ACE is the Place

A prime-season meander down South Carolina's Ashepoo Combahee and Edisto Rivers


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If your mental image of coastal South Carolina consists mainly of Myrtle Beach’s six-lane traffic jams, all-you-can-eat fried seafood buffets, and Dolly Parton’s Dixie Stampede theater, you need to let your mind—and your body—wander a little farther south, where the so-called ACE Basin provides a natural oasis in a wasteland of kitsch. Here, sandy mainland beaches give way to nubby islands, grassy marshes, cypress-gum swamps, and slow-moving rivers that empty into tidal estuaries teeming with birds and wildlife. Known by local paddlers as the “pearl of the low country,” this wetlands sanctuary is where boaters strategically place themselves in the fall, when the temperatures and mosquitoes taper off, migratory birds arrive, and hardwoods blaze yellow and crimson in the late-afternoon sun.

The rivers in the ACE Basin—an acronym for the tongue-tying Ashepoo (pronounced ASHY-poo), Combahee (CUM-bee), and Edisto (ED-isto)—meander silently across the coastal plain from distant high-country origins, converging at St. Helena Sound, where they blend into the Atlantic. The largest of the trio, and the longest blackwater river in North America, is the Edisto, which rolls more than 300 miles from its headwaters near Aiken. The most scenic, however, is the Combahee, which harbors swamp forests with ancient stands of buttressed bald cypress, river-bluff plantations the likes of which provided a backdrop for Forrest Gump’s adolescent misadventures, and rice fields dating back to the 1800s (now kept flooded for waterfowl by the administrators of the ACE Basin National Wildlife Refuge). Lying in between, both physically and aesthetically, is the Ashepoo, which winds through bottomland hardwoods and tidewater rice fields as it snakes its way seaward. Along all three you’re likely to sight signs of the 16 endangered species that make their homes in the basin. Look for bald eagles soaring overhead, wood storks wading in the shallows, or loggerhead turtles basking on the rocks.
Canoeists and kayakers can put in at any of the various launches within the 350,000-acre basin. Coastal Expeditions, an outfitter in Mount Pleasant (10 miles east of Charleston), sells a map of the basin’s put-ins from the coast to about two hours inland ($9; 843-884-7684). But if you’d rather not go it alone, call South Sport in Walterboro (800-785-2925) and ask for Scott Leonard, a swamp-savvy guide who leads trips on any of the three rivers and will give clients a thorough grounding in the area’s wildlife and ecology. Carolina Heritage Outfitters (800-563-5053) in Canadys offers guided full-day kayak tours ($65-$85) on the Edisto, which flows right outside its back entrance. But you may want to opt for the two-day guided trip ($285), which includes a Robinson Crusoe-like sleepover in a tree house within the Edisto River Refuge. Carolina Heritage also rents solo kayaks ($20 per day) and canoes ($42 per day), so you can walk out the door with a boat in hand and be on the river in five minutes flat.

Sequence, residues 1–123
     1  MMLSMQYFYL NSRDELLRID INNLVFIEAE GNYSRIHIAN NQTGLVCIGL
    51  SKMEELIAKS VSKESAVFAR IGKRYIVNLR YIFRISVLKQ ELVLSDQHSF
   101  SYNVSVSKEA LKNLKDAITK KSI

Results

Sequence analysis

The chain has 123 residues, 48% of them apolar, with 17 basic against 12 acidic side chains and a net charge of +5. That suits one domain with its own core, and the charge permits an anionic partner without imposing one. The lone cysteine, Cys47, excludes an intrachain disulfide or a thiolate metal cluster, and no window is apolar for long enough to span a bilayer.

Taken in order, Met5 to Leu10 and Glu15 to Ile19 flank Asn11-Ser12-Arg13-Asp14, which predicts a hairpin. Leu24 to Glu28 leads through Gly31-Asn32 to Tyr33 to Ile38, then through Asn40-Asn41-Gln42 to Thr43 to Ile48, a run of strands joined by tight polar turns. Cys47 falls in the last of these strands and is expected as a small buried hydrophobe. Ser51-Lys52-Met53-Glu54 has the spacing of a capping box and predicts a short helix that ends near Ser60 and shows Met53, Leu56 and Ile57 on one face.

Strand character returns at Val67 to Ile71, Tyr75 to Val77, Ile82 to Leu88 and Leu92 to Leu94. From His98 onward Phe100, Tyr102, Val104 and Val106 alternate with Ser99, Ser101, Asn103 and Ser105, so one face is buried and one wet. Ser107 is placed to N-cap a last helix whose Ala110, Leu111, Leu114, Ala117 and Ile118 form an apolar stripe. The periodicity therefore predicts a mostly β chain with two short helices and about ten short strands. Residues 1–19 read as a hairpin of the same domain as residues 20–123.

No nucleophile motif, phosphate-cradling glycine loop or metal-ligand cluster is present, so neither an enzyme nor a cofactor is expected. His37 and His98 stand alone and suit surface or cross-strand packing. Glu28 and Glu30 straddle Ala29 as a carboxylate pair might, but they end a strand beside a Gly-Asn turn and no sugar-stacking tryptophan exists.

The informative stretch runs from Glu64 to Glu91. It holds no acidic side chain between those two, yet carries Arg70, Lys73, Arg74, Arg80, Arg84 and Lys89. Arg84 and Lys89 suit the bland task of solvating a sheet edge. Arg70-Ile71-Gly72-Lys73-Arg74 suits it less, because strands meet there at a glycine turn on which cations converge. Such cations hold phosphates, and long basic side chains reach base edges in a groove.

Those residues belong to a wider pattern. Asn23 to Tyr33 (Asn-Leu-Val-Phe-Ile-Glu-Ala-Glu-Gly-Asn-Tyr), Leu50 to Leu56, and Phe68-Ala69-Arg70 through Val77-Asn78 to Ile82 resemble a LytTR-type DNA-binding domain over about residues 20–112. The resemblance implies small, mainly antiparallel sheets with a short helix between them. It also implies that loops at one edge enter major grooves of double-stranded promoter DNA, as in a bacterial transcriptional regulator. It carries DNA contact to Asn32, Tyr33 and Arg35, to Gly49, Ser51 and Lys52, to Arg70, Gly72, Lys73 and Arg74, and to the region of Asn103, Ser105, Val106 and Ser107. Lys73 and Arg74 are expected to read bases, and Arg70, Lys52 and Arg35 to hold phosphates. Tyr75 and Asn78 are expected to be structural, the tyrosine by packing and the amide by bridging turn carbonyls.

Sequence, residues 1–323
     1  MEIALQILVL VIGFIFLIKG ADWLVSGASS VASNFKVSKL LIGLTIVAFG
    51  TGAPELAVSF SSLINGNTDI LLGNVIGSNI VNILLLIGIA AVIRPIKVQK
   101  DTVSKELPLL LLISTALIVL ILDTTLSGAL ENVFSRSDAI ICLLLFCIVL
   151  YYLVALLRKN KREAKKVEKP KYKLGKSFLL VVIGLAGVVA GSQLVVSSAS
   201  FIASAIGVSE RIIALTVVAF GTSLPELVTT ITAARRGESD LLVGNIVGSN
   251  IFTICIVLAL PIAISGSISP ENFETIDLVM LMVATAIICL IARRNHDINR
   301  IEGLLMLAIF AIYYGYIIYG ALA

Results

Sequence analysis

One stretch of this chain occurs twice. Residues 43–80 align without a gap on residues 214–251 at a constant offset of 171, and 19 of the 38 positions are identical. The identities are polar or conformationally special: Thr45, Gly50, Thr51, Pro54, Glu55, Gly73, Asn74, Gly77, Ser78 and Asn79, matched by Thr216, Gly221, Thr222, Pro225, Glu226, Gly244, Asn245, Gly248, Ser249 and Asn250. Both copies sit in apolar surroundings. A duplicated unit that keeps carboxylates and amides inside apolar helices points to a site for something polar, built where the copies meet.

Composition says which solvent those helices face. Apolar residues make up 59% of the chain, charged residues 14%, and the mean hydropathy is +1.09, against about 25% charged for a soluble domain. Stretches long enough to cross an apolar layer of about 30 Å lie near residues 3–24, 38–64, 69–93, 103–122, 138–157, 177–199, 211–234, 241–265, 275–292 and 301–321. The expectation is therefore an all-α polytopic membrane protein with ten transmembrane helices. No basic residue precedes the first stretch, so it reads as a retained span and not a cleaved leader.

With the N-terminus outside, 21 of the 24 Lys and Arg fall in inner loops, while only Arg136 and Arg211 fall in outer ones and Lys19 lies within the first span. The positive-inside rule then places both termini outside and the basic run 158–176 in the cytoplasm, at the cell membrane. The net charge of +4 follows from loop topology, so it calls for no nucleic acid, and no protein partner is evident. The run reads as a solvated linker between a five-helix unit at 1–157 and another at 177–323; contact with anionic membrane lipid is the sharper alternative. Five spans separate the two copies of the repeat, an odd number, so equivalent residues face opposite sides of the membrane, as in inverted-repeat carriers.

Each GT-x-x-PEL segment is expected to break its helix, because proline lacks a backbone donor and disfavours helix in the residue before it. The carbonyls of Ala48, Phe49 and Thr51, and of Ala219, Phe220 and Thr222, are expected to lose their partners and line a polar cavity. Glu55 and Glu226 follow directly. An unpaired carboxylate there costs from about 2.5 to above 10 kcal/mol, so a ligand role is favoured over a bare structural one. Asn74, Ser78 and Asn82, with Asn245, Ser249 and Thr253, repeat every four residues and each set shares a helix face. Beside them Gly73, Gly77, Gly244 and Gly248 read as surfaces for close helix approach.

Since most land in the basin is private property, public campsites are precious commodities. Some good ones, however, can be found at Colleton State Park, the unofficial headquarters of the Edisto River Canoe and Kayak Trail ($10; 843-538-3659). A more luxurious option is to base yourself in Charleston’s downtown historic district, less than an hour away, which should allow you some time to explore the city’s myriad museums, pre-Revolutionary buildings, and open-air markets. The most atmospheric place to bed down is the Lodge Alley Inn ($160; 800-845-1004), a complex of restored 18th-century warehouses with high-ceilinged, fireplace-endowed rooms. Meanwhile, to savor Charleston’s low-country cuisine—she-crab soup, broiled grouper, buttermilk biscuits, and the like—try Poogan’s Porch on Queen Street (843-577-2337) or Henry’s on the Market (843-723-4363), both of which date back to the 1890s. Still, don’t get too caught up in the city’s genteel hospitality: The next morning it’s back out to the basin, with its golden salt-marsh cordgrass waving in the breeze, the wood ducks and tundra swans alighting from the north, and views stretching all the way out to the frothing sea. This, after all, is the reason you kept heading south in the first place.